Wiltz said, "I think its easy to do, because many of these kids have stigmas already.
Many teachers are not even willing to work with them. It's easy to ship them off. They are not yet ready to send them to prison, but can push them aside.
As first graders, they are going through the same process their older peers are going through. They have begun the process of socially dying. They are on that path that will make them less productive, less capable of making a substantial contribution to society.
"We, as the adult population, are focusing on our immediate responsibility. We must go beyond our immediate family.
Our quality of life is influenced substantially by other families.
If I don't take on the responsibility of looking at public schools, it still impacts me whether my children go there or not. We can't afford to say, 'Thank God that I don't live in that neighborhood because that neighborhood is infested with drugs.' All of us must take responsibility for what is happening to our neighborhoods - rich or not. It's all of our responsibility. We have to take responsibility.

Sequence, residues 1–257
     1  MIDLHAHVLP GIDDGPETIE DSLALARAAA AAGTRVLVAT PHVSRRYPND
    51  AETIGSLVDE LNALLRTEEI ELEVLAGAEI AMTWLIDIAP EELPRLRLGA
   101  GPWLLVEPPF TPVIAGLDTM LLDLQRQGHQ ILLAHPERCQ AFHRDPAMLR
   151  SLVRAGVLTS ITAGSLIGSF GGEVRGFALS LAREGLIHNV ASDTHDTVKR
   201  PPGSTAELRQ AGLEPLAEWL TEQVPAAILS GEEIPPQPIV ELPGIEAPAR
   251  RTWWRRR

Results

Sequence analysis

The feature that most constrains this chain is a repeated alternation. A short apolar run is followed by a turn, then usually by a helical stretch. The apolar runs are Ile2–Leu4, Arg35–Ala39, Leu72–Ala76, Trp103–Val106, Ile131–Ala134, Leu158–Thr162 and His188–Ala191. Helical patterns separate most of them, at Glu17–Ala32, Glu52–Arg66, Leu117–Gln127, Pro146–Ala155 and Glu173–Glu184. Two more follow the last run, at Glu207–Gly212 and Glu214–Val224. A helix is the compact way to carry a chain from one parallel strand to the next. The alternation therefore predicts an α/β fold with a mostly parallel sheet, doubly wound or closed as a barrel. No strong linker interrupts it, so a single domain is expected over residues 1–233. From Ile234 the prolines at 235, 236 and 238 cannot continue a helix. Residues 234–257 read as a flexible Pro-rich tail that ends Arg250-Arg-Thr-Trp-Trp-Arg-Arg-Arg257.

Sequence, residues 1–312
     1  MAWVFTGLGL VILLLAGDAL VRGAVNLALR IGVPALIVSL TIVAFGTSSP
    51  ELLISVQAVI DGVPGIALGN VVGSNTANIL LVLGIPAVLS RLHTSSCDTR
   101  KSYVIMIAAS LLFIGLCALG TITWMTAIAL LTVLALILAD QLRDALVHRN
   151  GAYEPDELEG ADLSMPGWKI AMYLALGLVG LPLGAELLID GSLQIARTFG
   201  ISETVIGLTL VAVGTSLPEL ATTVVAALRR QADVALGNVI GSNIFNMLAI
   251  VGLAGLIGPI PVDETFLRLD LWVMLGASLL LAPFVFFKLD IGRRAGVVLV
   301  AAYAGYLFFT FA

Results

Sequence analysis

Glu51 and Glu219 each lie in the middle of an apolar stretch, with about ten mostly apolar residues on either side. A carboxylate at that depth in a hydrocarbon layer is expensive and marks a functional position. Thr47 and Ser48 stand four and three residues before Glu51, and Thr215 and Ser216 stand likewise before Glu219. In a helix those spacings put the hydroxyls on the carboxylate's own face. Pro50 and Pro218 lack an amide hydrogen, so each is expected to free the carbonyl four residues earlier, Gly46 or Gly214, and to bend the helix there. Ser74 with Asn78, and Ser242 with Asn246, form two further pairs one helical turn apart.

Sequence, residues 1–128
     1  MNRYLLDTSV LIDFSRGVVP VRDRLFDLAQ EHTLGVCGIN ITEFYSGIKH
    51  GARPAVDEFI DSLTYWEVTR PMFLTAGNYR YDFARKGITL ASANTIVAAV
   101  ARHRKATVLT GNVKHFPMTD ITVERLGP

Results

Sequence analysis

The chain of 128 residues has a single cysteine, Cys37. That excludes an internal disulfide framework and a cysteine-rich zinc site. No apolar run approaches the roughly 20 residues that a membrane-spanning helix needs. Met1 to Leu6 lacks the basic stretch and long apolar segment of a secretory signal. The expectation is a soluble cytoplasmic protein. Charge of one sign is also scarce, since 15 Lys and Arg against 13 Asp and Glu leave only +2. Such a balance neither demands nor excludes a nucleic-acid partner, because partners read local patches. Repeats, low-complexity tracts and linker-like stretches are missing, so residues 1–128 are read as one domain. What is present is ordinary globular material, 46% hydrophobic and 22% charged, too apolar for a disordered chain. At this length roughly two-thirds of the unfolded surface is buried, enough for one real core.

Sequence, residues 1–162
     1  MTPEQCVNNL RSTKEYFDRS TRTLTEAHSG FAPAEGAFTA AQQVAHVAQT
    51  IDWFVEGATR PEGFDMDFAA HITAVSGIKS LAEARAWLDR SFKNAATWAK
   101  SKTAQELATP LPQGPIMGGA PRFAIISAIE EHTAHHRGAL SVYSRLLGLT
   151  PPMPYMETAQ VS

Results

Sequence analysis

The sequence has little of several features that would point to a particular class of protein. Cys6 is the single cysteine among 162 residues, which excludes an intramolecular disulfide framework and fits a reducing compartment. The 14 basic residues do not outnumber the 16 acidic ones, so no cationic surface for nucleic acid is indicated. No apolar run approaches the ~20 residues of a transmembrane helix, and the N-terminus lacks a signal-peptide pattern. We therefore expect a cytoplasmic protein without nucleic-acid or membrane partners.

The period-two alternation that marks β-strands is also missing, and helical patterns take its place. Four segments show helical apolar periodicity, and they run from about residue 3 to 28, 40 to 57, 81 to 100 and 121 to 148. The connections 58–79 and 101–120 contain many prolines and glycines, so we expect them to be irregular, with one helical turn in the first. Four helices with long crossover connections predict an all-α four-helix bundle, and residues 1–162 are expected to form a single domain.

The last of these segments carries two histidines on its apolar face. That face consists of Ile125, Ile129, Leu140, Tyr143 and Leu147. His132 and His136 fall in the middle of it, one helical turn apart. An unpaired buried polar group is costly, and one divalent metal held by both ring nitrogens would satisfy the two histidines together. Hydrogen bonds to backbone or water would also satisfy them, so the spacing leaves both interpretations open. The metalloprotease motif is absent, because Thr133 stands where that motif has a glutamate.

"Given what's happening to young Black boys in this society and due to what's happening to our black boys and the impact that society is having on them, there are many well-intentioned adults who are interested in doing something, but feel impotent to take action.
In large part because they are viewed as individuals who are not as 'real.' 'Keeping it real' is a term used by some young people.
As an African American, if you have achieved a certain level of success, if you are middle class, then some kind of way you are not real. So there is little that you can do for our black boys. To talk about your experiences, to talk about how you have achieved a certain level of success is seen as not real.
"It is somehow believed that professional black men, in achieving their level of success, must have compromised their blackness, so they are not legitimate black men. This does create a problem.
It's evident when young black boys are more likely to emulate athletes and rappers than educators or individuals who are in the mainstream. Black men who have made it are not totally accepted.
Wiltz is truly concerned about the prison rate and how those numbers come about.
"What I find is because that stigmatized population has such a high rate of incarceration there is a normalization of incarceration. In certain circles, it has reached the point where the incarceration rate is so high (1 out of every 3 black men) that there is a tendency to see that experience as normal.